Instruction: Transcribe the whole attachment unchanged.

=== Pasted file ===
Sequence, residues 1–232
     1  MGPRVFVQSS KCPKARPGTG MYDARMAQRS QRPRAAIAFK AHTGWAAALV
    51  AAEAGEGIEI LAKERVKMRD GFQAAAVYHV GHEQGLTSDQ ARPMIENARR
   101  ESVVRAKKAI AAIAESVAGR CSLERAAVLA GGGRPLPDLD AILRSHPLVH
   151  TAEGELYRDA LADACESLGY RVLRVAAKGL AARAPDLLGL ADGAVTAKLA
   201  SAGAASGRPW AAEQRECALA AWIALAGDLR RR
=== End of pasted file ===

Sequence, residues 1–232
     1  MGPRVFVQSS KCPKARPGTG MYDARMAQRS QRPRAAIAFK AHTGWAAALV
    51  AAEAGEGIEI LAKERVKMRD GFQAAAVYHV GHEQGLTSDQ ARPMIENARR
   101  ESVVRAKKAI AAIAESVAGR CSLERAAVLA GGGRPLPDLD AILRSHPLVH
   151  TAEGELYRDA LADACESLGY RVLRVAAKGL AARAPDLLGL ADGAVTAKLA
   201  SAGAASGRPW AAEQRECALA AWIALAGDLR RR